The recent case of Fishbourne Developments Ltd v Stephens  EWCA Civ 1704 has highlighted the importance of considering factual context and using commercial common sense when interpreting trigger events in option agreements over development land.
A written option agreement, made in 2002 ("the Option Agreement"), related to the purchase of a 117-acre farm in Fishbourne, West Sussex ("the Farm"). The option, due to expire on 31 December 2020, entitled the option holder ("the Claimant") to acquire the Farm at a 30% discount on its open market value.
Under the Option Agreement, the trigger for the option was the obtaining of 'Planning Permission', defined as, "a planning permission granted by the Local Planning Authority permitting any development of the Property". In 2016, the Claimant had obtained planning permission for a new roof on one of the Farm's agricultural buildings. In 2018, the Claimant gave notice to trigger the option, on the basis that the planning permission previously obtained amounted to a 'Planning Permission' as defined in the Option Agreement.
The Court was therefore required to interpret the Option Agreement and to decide whether the option had become exercisable as a result of the planning permission obtained by the Claimant.
High Court ("HC")
The Claimant argued that 'development' had the meaning given to it by section 55 of the Town and Country Planning Act 1990 ("the TCPA 1990") and therefore could relate to a development of the whole or part of the Farm.
The HC Judge disagreed and held that 'development' had to relate to the whole or substantially the whole of the Farm and involve the erection of new building(s) and a change of use. Therefore, the planning permission obtained by the Claimant in 2016 did not trigger the option to purchase. The Claimant appealed this decision.
Court of Appeal ("CA")
The CA dismissed the Claimant's appeal and held that the HC Judge was correct in their finding that 'development' had more than one possible meaning. When considering the whole of the Option Agreement, the Claimant's interpretation of 'development' made little commercial sense, as this would allow the Claimant to rely on an inconsequential planning permission to trigger an option to purchase the Farm at a 30% discount. The CA interpreted 'development' in the context of the Farm and the Option Agreement as a whole, and held that its meaning did not encompass all of the wide range of activities within the scope of section 55 of the TCPA 1990.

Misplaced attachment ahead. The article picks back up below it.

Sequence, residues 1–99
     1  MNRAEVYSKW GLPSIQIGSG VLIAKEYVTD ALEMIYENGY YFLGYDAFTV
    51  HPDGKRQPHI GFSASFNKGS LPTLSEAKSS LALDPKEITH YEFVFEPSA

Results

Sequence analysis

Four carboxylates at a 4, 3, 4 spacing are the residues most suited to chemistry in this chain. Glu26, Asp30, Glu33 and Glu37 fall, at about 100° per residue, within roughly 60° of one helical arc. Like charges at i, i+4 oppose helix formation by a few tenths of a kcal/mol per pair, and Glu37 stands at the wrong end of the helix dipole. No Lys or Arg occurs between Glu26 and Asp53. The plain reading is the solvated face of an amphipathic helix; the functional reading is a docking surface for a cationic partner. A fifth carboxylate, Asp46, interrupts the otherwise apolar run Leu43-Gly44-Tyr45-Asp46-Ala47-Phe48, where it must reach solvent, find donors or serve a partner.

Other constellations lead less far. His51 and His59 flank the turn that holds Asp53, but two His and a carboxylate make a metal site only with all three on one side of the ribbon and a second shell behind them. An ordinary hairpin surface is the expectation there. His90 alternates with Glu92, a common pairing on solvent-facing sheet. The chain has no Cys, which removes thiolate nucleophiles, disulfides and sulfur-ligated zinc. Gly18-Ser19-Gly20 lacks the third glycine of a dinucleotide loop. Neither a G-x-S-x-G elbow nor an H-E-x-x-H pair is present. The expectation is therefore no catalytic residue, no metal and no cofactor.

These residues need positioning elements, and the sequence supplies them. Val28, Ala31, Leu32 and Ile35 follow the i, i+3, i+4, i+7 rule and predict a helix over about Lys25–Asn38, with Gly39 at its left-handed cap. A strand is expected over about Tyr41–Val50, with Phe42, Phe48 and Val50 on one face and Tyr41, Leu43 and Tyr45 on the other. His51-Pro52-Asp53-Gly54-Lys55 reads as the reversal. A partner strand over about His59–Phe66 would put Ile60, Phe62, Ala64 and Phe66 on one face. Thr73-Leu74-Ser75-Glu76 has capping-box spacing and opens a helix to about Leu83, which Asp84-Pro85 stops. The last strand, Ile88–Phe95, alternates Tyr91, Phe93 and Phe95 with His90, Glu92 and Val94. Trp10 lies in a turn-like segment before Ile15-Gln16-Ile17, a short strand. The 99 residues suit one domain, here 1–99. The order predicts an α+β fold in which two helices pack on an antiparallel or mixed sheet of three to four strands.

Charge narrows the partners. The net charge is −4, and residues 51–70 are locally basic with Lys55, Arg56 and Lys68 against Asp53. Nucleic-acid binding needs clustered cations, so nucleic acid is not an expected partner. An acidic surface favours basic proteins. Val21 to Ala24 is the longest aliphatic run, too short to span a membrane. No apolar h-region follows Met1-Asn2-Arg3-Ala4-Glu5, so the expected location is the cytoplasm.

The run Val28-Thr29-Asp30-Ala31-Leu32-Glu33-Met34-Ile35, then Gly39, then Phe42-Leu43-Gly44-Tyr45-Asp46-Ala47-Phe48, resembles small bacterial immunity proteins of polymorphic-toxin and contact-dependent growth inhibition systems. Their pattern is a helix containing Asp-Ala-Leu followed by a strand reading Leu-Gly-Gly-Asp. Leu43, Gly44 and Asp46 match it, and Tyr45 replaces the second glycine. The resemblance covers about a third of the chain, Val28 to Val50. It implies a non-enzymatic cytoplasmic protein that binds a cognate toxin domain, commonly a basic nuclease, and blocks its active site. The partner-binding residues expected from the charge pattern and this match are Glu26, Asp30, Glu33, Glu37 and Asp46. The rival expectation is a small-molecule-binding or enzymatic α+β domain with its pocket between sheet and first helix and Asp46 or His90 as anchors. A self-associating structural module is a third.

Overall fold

The CA held that the term 'Planning Permission' meant a planning permission to develop the whole, or substantially the whole, of the Farm, including new building(s) and a change of use from agricultural. Therefore, the planning permission previously obtained by the Claimant did not trigger the option.
This decision underlines the significance of factual context and commercial common sense, as well as highlighting the potential risks that run with informal and poorly drafted agreements. Where there is any uncertainty, Judges are likely to adopt a 'common sense' interpretation, which can in turn be precarious for all parties involved.
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